Taking its roots in psychoanalytical theories and their development, my work is concerned with the relationship between subject and object. It questions the validity of the aforementioned binary perceptions and invites for new ways of looking at that relationship. It emerges through the tension between the desire to order the chaos of the unconscious and the persistent failure to do so. The continual realization of conflict and internal split as a universal human condition calls for finding ways of understanding and managing it. The notion of repetition, serving both as a method and a residue of the desire to know and transcend that rupture, is imperative to my practice. In various modes, it informs my approach to structural and three-dimensional form and methodology for performance creation and execution. Each medium allows exploring the aspect of the whole, together leading towards creating a full circle of inquiry. Engaged with the notions of personal and collective memory and trauma, repetition as a concept and a method seeps into the way I set up conditions for creating work; allowing me to then empirically explore the effects of repetition and its implications. In this constant battle between doubt and clarity, contraction and expansion, I set up conditions when the repetitive action equalizes, grinds down and ultimately facilitates a direct dialogue with the work and the process of making.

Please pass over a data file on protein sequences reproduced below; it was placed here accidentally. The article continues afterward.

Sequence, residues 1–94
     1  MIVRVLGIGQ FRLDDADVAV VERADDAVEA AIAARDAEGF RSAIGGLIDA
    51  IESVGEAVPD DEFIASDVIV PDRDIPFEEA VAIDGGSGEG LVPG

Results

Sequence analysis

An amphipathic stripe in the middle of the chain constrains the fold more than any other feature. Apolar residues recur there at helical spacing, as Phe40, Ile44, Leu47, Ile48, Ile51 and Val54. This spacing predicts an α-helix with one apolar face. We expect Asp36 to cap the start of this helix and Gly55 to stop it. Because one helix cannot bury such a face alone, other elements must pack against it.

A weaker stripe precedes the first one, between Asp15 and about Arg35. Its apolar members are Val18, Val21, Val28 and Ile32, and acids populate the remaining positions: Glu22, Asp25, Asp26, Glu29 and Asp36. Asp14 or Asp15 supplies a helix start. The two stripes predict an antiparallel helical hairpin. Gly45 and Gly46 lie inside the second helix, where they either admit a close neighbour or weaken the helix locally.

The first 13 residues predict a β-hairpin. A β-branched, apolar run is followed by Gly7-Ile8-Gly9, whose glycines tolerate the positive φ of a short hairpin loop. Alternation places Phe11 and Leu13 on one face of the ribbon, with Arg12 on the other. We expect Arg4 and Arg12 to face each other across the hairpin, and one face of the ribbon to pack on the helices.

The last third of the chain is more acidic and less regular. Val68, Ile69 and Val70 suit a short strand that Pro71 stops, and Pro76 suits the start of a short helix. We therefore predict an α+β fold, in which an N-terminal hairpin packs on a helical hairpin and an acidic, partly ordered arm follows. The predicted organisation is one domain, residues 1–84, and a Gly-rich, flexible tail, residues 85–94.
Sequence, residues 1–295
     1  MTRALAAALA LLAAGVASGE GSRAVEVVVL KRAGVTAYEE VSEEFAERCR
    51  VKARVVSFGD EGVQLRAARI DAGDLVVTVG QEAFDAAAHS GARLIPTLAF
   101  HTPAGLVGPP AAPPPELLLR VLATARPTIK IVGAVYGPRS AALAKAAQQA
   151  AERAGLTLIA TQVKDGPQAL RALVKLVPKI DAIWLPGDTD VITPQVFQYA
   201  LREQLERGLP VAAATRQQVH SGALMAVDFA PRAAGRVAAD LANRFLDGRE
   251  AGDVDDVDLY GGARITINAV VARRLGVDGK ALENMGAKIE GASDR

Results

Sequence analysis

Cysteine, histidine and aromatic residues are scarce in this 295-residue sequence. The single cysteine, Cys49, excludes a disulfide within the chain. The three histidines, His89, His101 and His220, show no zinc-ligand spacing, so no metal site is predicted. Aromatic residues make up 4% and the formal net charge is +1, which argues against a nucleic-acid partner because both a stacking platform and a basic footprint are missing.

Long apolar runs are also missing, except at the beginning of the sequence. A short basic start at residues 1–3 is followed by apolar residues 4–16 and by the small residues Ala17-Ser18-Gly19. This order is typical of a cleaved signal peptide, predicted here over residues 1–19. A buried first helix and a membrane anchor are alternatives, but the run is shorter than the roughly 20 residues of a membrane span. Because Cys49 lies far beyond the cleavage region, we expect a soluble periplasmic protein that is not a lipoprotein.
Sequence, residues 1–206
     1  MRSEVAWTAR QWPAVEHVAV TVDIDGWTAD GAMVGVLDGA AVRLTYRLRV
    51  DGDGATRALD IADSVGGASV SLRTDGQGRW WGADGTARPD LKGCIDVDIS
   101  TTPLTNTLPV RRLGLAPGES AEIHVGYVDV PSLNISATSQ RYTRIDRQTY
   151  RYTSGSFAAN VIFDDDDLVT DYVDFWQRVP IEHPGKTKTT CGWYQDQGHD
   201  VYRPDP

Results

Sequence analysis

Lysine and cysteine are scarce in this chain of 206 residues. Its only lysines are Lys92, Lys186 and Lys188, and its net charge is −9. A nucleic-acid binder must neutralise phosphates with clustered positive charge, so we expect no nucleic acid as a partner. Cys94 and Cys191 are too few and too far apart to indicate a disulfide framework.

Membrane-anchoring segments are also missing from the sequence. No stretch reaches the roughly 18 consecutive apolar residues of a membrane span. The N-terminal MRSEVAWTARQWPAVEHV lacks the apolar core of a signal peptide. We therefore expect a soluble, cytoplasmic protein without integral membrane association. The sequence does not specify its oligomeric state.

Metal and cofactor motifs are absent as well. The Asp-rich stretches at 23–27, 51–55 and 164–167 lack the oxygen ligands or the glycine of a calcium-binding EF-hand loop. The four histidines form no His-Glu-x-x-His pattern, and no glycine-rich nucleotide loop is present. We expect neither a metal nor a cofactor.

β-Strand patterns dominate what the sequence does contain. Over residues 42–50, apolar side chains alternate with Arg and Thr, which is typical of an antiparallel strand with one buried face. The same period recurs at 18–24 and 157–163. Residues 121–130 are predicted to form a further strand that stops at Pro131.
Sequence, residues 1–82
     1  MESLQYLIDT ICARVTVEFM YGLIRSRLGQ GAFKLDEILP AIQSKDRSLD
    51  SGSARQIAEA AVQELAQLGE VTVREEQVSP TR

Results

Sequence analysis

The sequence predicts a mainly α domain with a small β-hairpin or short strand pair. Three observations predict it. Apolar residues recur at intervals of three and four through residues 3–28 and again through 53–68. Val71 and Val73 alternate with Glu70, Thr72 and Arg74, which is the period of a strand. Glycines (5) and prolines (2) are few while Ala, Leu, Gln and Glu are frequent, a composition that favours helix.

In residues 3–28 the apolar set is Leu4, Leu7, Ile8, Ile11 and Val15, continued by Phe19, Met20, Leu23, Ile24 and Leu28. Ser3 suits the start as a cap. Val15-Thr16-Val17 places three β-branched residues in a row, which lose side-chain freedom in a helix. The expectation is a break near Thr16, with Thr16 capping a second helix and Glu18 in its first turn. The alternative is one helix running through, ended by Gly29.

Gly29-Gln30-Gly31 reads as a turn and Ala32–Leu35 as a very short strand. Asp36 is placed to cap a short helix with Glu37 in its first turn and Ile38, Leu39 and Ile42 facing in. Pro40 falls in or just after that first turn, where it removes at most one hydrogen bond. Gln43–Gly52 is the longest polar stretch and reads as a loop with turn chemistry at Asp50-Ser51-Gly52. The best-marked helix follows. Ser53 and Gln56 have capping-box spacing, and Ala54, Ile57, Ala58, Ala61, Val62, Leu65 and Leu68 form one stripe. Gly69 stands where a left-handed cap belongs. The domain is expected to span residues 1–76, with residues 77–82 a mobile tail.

Within my painting practice the unordered and ordered battle with each other; the habitual qualities of material are being subverted, transformed and sculpted to a new undecipherable state. Performance and video are an opportunity to explore direct issues using the body and video as mediums. They are enabling me to explore ideas in an externalized and dynamic, immediate way, allowing for corporeal exploration of bodies existing in space: expressing the totality of human experience. Creating sculptural environments is a way to engage with space directly. The notions of repetition are coming to play with the transformational power of expanding small gestures and marks into larger organized structures.